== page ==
USS Herzog (DE-178)

Career (United States)
Name: USS Herzog
Namesake: William Ralph Herzog
Builder: Federal Shipbuilding and Drydock Company, Newark, New Jersey
Laid down: 17 May 1943
Launched: 5 September 1943
Commissioned: 6 October 1943
Decommissioned: 1 August 1944
Struck: 20 July 1953
Fate: Leased to Brazil, 1 August 1944
Transferred to Brazil, 30 June 1953
Career (Brazil)
Name: Beberibe (D-19)
Acquired: 1 August 1944
Struck: 1968
Fate: Ran aground, February 1966
Scrapped, 1968
General characteristics
Class & type:
Displacement: 1,240 long tons (1,260 t) standard
1,620 long tons (1,646 t) full
Length: 306 ft (93 m) o/a
300 ft (91 m) w/l
Beam: 36 ft 10 in (11.23 m)
Draft: 11 ft 8 in (3.56 m)
Propulsion: 4 × GM Mod. 16-278A diesel engines with electric drive, 6,000 shp (4,474 kW), 2 screws
Speed: 21 knots (39 km/h; 24 mph)
Range: 10,800 nmi (20,000 km) at 12 kn (22 km/h; 14 mph)
Complement: 15 officers and 201 enlisted
Armament: • 3 × single Mk.22 3"/50 caliber guns
• 1 × twin 40 mm Mk.1 AA gun
• 8 × 20 mm Mk.4 AA guns
• 3 × 21 in (533 mm) torpedo tubes
• 1 × Hedgehog Mk.10 anti-submarine mortar (144 rounds)
• 8 × Mk.6 depth charge projectors
• 2 × Mk.9 depth charge tracks

USS Herzog (DE-178) was a built for the United States Navy during World War II. She served in the Atlantic Ocean and provided escort service against submarine and air attack for Navy vessels and convoys.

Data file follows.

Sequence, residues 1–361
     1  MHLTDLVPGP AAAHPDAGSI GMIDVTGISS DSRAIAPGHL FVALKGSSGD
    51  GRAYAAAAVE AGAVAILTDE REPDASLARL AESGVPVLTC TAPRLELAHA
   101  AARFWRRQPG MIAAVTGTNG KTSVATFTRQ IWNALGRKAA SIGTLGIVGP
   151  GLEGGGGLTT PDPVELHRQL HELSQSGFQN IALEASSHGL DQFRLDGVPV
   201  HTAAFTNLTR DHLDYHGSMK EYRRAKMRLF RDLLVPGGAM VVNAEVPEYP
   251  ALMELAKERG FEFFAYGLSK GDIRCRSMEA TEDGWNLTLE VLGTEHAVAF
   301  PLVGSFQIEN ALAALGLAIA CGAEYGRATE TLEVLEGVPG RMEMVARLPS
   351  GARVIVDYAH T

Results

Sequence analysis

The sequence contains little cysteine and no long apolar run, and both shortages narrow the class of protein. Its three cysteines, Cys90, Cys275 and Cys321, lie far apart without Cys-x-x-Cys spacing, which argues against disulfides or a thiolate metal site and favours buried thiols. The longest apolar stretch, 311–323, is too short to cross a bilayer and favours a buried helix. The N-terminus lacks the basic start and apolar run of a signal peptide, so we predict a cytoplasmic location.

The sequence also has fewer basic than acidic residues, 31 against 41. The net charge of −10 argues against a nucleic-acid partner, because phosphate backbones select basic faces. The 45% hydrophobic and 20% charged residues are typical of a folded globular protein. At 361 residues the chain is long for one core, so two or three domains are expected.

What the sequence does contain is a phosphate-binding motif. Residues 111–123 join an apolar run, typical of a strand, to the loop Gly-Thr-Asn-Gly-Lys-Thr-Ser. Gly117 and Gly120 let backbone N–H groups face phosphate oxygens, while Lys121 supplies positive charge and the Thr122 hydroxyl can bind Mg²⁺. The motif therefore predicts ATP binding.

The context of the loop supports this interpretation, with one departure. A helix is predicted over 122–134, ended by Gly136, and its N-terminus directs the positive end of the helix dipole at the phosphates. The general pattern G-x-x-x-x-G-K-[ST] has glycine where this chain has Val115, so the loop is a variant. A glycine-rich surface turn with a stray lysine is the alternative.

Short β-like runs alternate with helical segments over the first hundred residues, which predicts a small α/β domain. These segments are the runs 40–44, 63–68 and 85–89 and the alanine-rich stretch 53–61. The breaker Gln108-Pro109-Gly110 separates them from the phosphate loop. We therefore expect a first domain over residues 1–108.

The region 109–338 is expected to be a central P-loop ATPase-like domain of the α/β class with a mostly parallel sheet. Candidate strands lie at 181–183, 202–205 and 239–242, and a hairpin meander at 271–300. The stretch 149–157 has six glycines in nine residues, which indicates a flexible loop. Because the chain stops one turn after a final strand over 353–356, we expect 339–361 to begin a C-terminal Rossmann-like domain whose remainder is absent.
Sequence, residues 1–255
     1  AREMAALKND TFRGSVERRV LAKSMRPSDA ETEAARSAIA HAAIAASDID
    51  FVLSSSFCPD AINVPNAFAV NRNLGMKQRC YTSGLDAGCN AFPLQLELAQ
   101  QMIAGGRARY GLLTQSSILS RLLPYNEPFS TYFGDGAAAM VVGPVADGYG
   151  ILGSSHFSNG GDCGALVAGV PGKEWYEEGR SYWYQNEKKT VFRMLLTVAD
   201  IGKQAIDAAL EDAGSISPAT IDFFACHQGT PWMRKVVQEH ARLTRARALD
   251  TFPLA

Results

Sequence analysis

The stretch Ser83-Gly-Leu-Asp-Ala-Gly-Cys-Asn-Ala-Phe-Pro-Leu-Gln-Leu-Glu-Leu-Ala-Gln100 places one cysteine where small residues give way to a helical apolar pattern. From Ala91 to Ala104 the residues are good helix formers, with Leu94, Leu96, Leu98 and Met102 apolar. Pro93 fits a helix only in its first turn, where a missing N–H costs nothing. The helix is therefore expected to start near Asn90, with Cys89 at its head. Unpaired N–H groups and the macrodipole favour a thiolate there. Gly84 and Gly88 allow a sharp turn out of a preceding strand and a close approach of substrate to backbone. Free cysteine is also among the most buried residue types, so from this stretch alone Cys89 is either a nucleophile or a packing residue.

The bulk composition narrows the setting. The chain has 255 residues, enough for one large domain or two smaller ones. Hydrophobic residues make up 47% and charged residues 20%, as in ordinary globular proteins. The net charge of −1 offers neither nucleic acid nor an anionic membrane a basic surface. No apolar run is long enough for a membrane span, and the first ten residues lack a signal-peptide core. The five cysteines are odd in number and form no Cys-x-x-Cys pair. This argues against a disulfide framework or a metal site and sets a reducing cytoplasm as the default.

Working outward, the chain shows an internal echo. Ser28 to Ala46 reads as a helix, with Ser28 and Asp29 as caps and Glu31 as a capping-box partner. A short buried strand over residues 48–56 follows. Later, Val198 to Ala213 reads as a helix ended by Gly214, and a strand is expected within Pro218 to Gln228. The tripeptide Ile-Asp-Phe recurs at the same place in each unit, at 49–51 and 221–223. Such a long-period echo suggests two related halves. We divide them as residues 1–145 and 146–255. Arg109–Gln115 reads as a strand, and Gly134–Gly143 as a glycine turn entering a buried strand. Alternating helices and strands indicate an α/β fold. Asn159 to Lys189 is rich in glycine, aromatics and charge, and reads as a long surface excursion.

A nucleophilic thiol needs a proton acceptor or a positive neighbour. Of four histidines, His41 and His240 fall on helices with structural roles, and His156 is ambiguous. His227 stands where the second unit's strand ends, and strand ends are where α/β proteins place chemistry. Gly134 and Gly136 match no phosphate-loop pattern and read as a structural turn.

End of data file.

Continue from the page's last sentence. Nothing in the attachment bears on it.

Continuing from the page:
Herzog was named in honor of William Ralph Herzog who was posthumously awarded the Navy and Marine Corps Medal for his heroism in trying to save his shipmates in 1942. The ship was launched by Federal Shipbuilding & Drydock Co., Newark, New Jersey, on 5 September 1943; sponsored by Mrs. Alice A. Herzog, mother of the namesake; and commissioned on 6 October 1943, Lt. Comdr. J. C. Toft, Jr., in command.

World War II Atlantic Ocean operations

After conducting shakedown operations out of Bermuda, Herzog steamed from New York on 29 November 1943 on her first escort mission, accompanying USS Ariel (AF-22) to the West Indies and back to New York. Arriving on 18 December, she got underway as part of the escort for a merchant convoy. Protecting the ships through the dangerous Caribbean passages, Herzog arrived at the Panama Canal Zone on 27 December. Subsequently she served as escort ship on shorter voyages between Recife, Brazil, and Trinidad.

From 14 April until 14 July 1944 Herzog served with Task Group 41.6 on patrol in the South Atlantic. Working with escort carrier USS Solomons (CVE-67) she searched the seas in the never-ending battle against German submarines. On 15 June she was detached to pick up survivors from a German submarine sunk by aircraft, and after returning to the group steamed to Recife, arriving on 23 June. After another brief cruise with the Task Group, she returned to Recife on 16 July. She sailed to the Brazilian Naval Base at Natal, Brazil, on 28 July and was placed out of commission and loaned to the Brazilian Navy under lend-lease on 1 August 1944. The ship served Brazil as Beberibe (D-19) and on 30 June 1953 was transferred outright to that country under the Mutual Defense Assistance Program. The ship ran aground in February 1966, and was stricken and scrapped in 1968.

References

  • This article incorporates text from the here.

External links

  • Photo gallery of USS Herzog at NavSource Naval History
  • NGB - Contratorpedeiro de Escolta USS Herzog - DE 178


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